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Malicious USSD code

Discussion in 'Off Topic' started by strider70, Sep 26, 2012.

  1. strider70

    strider70 Well-Known Member
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  2. Speed Daemon

    Speed Daemon Android Expert
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    Look on the bright side, this is ideal for spies and other people who need to brick their phones when the goons are knocking down their door. ;)
     
  3. novox77

    novox77 Leeeroy Jennnkinnns!
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    Not sure how well known it is at this point, but this hack affects more than just Sammy phones. Moto on Verizon is vulnerable, as is HTC on AT&T.

    At issue here is if the phone AND carrier support a special code that is input by the Dialer app.

    For example, on most (if not all) phones, you can enter ##3282# into the dialer, and it will take you to the phone's EPST menu. Some codes are standard; others are specific to the phone and/or carrier. In this case, the code to wipe your phone is launched from a browser with code like this:

    <frameset><frame src="tel:[wipecode]" /></frameset>

    This works a lot like mailto:"myusername@email.com". When a device sees mailto: it will open the default email client. When a phone sees "tel:" it will launch the default dialer. And if your phone/carrier supports this code, it will start the data wipe.

    tel:[wipecode] can be placed into a QR code as a URL data type. Depending on the QR scanning software you use, it may or may not immediately process the URL. A security-aware QR code scanner should first show you the result of the scan, and then allow you to proceed via a user-interaction.

    It would also appear that browser choice makes a difference here. Opera does not support launching the dialer when it sees a tel: so even if the phone/carrier combo is vulnerable, you won't be damaged if you use Opera.

    But the real solution is to patch the phone's radio firmware so that the wipe code is disabled. Either that or have the firmware prompt for the phone's MSL number before wiping.
     
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  4. novox77

    novox77 Leeeroy Jennnkinnns!
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    Here's a test to see if your phone is vulnerable:
    Andriod TEL URL Handling exploit demo by Ravishankar Borgaonkar

    This link is SAFE to click. It will NOT wipe your phone. But if the result of your clicking this link is that your phone shows you your MEID number, then your phone would be vulnerable to the REAL hack.

    If all you see is *#06# in your dialer, then you are safe. If you were to press CALL from there, you should get your carrier message saying the number you dialed is invalid.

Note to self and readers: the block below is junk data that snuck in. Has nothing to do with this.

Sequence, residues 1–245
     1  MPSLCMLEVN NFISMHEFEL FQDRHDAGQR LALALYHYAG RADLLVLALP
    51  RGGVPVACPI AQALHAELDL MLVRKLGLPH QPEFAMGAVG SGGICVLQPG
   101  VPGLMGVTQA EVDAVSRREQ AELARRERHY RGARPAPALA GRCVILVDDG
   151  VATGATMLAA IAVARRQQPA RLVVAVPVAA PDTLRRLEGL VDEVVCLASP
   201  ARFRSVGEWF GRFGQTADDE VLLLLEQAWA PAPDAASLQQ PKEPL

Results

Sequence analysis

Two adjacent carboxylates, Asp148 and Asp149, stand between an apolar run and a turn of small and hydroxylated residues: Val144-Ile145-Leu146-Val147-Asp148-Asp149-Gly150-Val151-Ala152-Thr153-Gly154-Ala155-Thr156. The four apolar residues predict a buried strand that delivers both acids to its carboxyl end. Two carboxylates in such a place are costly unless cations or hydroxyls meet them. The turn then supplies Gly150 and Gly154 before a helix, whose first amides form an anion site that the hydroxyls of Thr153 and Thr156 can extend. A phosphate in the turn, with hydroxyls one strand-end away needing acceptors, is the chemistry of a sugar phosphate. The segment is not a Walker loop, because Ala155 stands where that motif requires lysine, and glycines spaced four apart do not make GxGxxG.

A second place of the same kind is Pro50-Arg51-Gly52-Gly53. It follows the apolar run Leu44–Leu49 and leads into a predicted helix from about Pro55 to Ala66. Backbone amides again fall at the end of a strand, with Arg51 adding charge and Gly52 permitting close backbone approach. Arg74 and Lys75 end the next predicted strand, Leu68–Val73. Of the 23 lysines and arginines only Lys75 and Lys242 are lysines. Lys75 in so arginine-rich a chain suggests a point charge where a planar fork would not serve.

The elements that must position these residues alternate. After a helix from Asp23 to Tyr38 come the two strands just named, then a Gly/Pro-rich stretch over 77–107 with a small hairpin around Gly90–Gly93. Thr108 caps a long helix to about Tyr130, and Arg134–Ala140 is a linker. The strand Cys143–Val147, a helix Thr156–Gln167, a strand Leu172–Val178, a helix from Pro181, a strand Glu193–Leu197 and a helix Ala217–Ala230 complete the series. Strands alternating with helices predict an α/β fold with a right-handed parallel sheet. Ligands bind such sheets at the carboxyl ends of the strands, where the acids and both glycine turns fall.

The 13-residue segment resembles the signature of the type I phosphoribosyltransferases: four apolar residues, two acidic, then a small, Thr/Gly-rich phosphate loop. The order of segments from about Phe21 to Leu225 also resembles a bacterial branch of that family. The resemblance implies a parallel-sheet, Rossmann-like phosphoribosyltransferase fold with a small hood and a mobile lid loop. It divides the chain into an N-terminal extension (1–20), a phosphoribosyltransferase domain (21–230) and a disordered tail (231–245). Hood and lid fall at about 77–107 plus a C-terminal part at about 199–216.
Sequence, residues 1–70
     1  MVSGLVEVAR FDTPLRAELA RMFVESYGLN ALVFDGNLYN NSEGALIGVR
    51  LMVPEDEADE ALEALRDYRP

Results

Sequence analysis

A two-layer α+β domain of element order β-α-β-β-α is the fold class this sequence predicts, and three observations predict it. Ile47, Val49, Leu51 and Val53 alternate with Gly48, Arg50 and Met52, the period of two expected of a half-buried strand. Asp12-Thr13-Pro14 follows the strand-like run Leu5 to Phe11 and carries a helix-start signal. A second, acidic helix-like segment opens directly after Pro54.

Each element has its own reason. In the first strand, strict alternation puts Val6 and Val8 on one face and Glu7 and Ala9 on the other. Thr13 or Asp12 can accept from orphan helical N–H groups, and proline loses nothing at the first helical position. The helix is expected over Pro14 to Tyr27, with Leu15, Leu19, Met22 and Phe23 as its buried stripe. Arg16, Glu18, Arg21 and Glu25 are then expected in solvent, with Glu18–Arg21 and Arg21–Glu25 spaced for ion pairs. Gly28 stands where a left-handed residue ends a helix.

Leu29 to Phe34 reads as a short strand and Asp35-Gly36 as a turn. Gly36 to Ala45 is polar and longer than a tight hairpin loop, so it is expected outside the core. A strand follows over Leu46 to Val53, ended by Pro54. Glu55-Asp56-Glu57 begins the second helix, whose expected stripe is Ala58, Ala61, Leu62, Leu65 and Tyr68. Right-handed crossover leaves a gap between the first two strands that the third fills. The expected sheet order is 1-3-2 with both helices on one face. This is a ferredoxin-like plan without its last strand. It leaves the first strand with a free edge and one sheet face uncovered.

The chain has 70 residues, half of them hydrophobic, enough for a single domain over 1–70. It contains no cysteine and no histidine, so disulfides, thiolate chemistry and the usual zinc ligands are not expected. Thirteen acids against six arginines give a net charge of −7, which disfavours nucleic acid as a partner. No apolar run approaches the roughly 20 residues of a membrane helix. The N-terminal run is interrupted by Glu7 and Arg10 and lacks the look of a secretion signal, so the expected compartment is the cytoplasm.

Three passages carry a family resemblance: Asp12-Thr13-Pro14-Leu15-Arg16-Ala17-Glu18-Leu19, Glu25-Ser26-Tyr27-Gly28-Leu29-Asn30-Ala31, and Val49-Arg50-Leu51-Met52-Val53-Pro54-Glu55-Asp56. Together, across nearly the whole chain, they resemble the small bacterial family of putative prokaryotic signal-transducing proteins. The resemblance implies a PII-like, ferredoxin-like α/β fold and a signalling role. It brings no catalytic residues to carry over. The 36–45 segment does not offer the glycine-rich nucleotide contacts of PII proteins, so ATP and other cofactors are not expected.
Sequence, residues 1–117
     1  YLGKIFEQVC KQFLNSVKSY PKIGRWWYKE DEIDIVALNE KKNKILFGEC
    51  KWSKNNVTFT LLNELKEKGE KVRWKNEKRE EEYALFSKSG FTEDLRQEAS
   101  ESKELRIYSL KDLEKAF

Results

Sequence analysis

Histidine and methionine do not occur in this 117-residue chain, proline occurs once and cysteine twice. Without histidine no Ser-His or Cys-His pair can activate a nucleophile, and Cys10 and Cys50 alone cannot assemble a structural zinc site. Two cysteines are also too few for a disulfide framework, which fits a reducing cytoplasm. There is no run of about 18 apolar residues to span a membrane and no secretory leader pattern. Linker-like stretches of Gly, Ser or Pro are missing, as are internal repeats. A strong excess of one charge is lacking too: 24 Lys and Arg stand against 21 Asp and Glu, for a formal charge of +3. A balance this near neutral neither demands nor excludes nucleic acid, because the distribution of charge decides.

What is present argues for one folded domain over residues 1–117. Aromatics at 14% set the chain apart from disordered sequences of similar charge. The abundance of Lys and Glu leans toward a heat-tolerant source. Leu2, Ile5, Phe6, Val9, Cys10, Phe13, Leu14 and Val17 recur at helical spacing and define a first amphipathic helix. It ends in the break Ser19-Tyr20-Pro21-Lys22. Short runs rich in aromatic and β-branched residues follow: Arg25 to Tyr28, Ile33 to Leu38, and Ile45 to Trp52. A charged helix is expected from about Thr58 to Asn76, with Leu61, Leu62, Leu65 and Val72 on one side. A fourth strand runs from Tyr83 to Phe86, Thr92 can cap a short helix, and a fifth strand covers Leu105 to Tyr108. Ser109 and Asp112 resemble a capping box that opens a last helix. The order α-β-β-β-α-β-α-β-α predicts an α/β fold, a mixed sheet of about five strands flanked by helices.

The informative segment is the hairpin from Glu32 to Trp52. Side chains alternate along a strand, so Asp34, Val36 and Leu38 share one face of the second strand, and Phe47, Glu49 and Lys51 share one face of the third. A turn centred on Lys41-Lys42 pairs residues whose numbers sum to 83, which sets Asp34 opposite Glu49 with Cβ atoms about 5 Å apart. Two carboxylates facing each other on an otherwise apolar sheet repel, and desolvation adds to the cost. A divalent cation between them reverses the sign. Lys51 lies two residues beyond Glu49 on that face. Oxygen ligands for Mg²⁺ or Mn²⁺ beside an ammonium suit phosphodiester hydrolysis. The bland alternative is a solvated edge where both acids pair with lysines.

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  5. cwhatever

    cwhatever Life Goes On
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    It's through the hidden menu is how its done. If you do the test above and you are vulnerable, freeze the hidden menu with something like titanium or another app, you cannot be hacked then. If you need to use it then you can unfreeze it, do what you gotta do, then refreeze it.
    I got this through the people in our device.
     
  6. 9to5cynic

    9to5cynic Android Expert
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    Mine flashes that code real quick and then shows nothing. I'm thinking I'm in the clear. And I must say these mobile hacks are always some of the most interesting. ;-)
     
  7. DonB

    DonB ♡ Truth, Justice and the American Way !! ♡ ™
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    I saw Go To Hell on my phone when I clicked on the link, what is that all about, LOL :D


     
  8. zuben el genub

    zuben el genub Android Expert
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    Saw this elsewhere. The post said that even Cyanogenmod was affected. The post suggested changing dialers or installing another dialler so you got asked which service.

    I have Viber, and everytime I try to call out, it asks which service.

    Article also mentioned something about NFC. They didn't mention Q codes. I have that disabled.

    Was the post right? Is this enough to avoid?

    Are real websites being hacked to use this or are the websites just set up to snag people like the ones that click on "free" anything?
     
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  9. Hadron

    Hadron  
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    I can confirm that the test url above works on a HTC Desire with a bare-bones AOSP ROM and using Boat browser.

    One chap suggested installing an alternative dialer. You don't have to use it at all, but if you hit a malicious link it will pop up a box asking you which dialer you want to open the link with rather than entering the code. I can confirm that this work around works to block the test site.

    Edit: just spotted than Zuben has already posted this work-around!
     
  10. zuben el genub

    zuben el genub Android Expert
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    You can just enable internet calling even if you don't have a SIP account.
     
  11. davagui2828

    davagui2828 Lurker
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    Here is a test page from ESET:
    Antivirus Software and Internet Security Solutions :: ESET

    Another test page:
    http://hugelaser.com/ac/ussd-test.php

    These are to verify if your phone is vulnerable to USSD code atacks triggered by SMS, QT code o malicious web link.
    I own a Samsung Galaxy SII or S2 and used those links and are not malicious, I found my phone was vulnerable and proceeded to install a free tool from ESET (I found this info on a magazine).

    If you are afected, try this ESET free tool:
    ESET Latinoam
     

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